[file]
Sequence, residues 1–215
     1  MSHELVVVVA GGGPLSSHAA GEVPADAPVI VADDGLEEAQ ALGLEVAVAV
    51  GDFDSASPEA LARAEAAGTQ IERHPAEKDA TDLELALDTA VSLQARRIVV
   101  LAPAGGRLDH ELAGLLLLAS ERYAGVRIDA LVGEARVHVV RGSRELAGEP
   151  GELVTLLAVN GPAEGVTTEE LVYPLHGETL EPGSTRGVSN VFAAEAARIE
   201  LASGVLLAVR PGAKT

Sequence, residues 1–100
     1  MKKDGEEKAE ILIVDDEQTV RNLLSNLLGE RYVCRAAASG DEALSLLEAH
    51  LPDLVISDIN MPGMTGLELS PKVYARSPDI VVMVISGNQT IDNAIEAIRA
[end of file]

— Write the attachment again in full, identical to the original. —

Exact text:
Sequence, residues 1–215
     1  MSHELVVVVA GGGPLSSHAA GEVPADAPVI VADDGLEEAQ ALGLEVAVAV
    51  GDFDSASPEA LARAEAAGTQ IERHPAEKDA TDLELALDTA VSLQARRIVV
   101  LAPAGGRLDH ELAGLLLLAS ERYAGVRIDA LVGEARVHVV RGSRELAGEP
   151  GELVTLLAVN GPAEGVTTEE LVYPLHGETL EPGSTRGVSN VFAAEAARIE
   201  LASGVLLAVR PGAKT

Sequence, residues 1–100
     1  MKKDGEEKAE ILIVDDEQTV RNLLSNLLGE RYVCRAAASG DEALSLLEAH
    51  LPDLVISDIN MPGMTGLELS PKVYARSPDI VVMVISGNQT IDNAIEAIRA